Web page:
The diesel engine is the workhorse of the automotive world. It cranks out more power and torque than gasoline engines and powers trains, tractor-trailers, and pick up trucks. A diesel engine will work for a long time if given the proper maintenance and attention and will surpass a million miles. The durability and power are what make them so popular in the working world. However, like any machine however, if it’s not taken care of the diesel engine will have a short life. There are signs and symptoms of a worn out diesel engine to be aware of. Read the list below, and if your diesel is exhibiting any of these signs, get it fixed soon.
Not familiar with that term? Engine runaway is when you turn off the engine, yet it keeps running. Runaway is used as a prop in movies to show that someone has a bad car, and the audience gets a laugh. It is a serious problem though, and can be dangerous. What’s happening is that the engine continues to run on excess fuel and/or fumes in the chambers. The engine probably has worn out pistons or rings and oil mist and fumes are escaping into the combustion chamber. The engine will continue to run until those are burned off.
Another sign of a worn out diesel engine is a rough idle. When sitting at a red light the passengers shouldn’t be bouncing all over the place. Believe it or not, there are different kinds of rough idling. Hunting is when the engine is idling up and down in intervals’ engine is looking for something it can’t find. It wants the right amount of fuel and compression at the right time. It might be running on extra oil from worn components and causing it to rev higher until the oil is burned off. “Missing” also leads to a rough idle. This is when there is a slight hesitation in the engine. It’s usually caused by a malfunctioning injector or improper valve clearance.
Blow-by is common in all kinds of engines. It’s when compressed air and fuel in the cylinder bore are greater than the pressure in the oil pan, in which case the fuel leaks past the piston rings and into the crankcase, causing smoke. A certain amount of this is expected and acceptable but when the blow-by is more than usual it is a sign of bad things. It could mean that the piston, rings, or cylinder walls are worn out and it’s causing too much exhaust to get into the crankcase. Check for excessive oil under the truck if that is the case because the exhaust is carrying the extra oil.
Most diesel engines have a turbocharger because they are an important part of the operation. If you are having trouble with yours, you’ll know it. As the turbocharger continues to wear down it will begin to wobble. Wobbling is one step before catastrophic failure. Turbos spin between 100,000 and 200,000 RPMs and if the turbo shakes loose while driving, the oil will pass into the intake and create instant black smoke. Loose hoses and clamps and the intercooler wear down and cause leaks that diminish the amount of compressed air going into the engine. There will be a noticeable decrease in power if this happens.
Trouble Starting the Engine
An obvious sign you are having engine problems is if your engine simply won’t start. Cranking and cranking the engine without it starting is frustrating, to say the least. There are lots of things that lead to this, such as low compression. Compression is the basis of the diesel engine and the engine won’t run without the proper combustion within. As the diesel ages, the components will too, and this will in turn cause issues with the seal within the chamber. This could be a piston, ring, cylinder liner, or the valves having excessive wear on them. the problem will be exacerbated in extreme temperatures as well. Don’t panic and assume the worst though. Run through the usual suspects and do a diagnostic check to find out what the real issue is. If it’s a problem with the other parts, it’s going to be expensive.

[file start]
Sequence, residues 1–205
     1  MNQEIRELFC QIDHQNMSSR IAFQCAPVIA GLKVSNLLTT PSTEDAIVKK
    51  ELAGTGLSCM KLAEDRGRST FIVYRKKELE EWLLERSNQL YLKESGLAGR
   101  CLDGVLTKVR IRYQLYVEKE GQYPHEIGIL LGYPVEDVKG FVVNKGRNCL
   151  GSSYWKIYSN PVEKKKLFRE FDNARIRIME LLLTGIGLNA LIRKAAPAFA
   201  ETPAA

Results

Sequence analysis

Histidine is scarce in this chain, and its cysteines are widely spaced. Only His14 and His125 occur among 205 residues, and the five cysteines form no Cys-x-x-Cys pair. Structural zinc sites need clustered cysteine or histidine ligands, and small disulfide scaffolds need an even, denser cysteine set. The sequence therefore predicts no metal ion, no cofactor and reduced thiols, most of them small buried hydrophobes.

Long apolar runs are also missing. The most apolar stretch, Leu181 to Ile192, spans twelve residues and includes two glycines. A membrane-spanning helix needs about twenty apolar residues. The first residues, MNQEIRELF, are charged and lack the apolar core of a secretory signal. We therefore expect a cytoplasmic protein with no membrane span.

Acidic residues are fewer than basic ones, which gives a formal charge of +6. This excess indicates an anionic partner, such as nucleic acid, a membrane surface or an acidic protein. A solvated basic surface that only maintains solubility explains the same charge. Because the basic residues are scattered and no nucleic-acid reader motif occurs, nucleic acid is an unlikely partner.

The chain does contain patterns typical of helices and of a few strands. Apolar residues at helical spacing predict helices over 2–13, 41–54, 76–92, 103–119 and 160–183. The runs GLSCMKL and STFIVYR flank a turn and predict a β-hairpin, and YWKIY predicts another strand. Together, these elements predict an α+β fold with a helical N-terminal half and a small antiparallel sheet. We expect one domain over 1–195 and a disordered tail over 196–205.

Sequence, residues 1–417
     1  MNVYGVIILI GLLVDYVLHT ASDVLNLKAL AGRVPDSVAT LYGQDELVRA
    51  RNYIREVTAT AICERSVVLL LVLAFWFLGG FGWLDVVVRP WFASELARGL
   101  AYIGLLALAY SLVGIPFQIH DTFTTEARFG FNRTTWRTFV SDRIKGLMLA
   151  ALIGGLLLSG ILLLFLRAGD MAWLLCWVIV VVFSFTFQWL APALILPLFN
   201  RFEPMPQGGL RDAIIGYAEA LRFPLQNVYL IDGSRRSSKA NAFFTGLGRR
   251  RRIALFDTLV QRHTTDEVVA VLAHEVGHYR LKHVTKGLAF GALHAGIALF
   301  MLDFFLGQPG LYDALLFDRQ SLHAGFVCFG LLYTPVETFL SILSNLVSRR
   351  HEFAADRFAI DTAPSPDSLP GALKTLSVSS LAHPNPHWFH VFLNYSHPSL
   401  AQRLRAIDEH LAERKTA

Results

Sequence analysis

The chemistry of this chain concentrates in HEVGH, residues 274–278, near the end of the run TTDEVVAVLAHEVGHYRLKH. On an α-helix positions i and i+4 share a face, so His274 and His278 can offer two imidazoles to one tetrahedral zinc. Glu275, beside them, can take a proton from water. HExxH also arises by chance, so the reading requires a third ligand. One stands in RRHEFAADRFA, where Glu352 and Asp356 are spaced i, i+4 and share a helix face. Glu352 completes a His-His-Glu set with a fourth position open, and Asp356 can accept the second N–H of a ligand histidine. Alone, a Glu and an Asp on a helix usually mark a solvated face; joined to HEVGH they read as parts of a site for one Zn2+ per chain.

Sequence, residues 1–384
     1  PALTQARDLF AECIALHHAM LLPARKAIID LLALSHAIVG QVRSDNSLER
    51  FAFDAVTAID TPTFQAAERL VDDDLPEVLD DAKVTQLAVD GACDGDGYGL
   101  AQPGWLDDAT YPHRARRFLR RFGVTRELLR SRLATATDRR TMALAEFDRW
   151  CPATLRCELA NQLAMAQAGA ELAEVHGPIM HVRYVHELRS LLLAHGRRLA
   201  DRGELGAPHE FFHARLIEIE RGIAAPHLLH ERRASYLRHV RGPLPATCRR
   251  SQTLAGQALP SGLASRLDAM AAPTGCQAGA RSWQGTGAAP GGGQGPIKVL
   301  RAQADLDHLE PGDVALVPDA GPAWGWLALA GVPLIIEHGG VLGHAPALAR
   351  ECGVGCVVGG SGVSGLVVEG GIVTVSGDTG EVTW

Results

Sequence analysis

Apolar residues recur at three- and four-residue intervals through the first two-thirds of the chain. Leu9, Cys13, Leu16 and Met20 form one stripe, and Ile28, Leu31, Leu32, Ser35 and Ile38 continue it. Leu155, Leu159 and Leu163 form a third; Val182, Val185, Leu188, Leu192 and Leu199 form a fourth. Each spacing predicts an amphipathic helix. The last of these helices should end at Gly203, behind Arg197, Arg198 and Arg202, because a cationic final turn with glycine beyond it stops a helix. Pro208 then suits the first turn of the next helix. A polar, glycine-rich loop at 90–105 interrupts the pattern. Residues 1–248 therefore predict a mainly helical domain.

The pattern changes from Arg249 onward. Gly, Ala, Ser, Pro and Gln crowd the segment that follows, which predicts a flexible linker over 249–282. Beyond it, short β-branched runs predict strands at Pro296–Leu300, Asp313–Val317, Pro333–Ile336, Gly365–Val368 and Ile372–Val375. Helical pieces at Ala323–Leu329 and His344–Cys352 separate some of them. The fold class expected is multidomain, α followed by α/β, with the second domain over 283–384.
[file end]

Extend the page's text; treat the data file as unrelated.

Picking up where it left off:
Smoke coming from anything other than the fireplace is usually a bad thing. If there is blue smoke coming from under the hood you have problems. Blue smoke means that your engine is burning oil somewhere that it shouldn’t be. This is a problem for older engines with worn components. What usually causes blue smoke is oil remaining on the cylinder wall and burning along with the fuel. The clearances can’t fully remove the oil and it gets burned, creating smoke. A compression check will let you know where the problem is.
Bad Fuel Mileage
Everyone knows that buying fuel isn’t cheap, so you want to get the most out of it. If you are stopping more often to buy fuel, then it’s a sign something is wrong. It could be a sign of wear in the injectors or the rings. If the injectors are worn or malfunctioning, they need to be repaired as soon as possible. Leaking extra fuel into the chamber can lead to other problems. Adding more fuel throws the balance off and the burn isn’t complete leading to black smoke. Worn rings let extra fuel slide into the oil, leading to a rough idle and burning up more fuel.
No Engine Power
You bought a diesel truck for the power and not to get groceries, right? What’s the point of having a truck with no power? Most people will notice quickly when the engine loses power. There is diminished power at take-off and it takes longer to get up to speed. If you’ve had the truck for a while though, the problem might go unnoticed until there is a big dip in power. Loss of power is a slow burn and can happen over many years as the parts wear.
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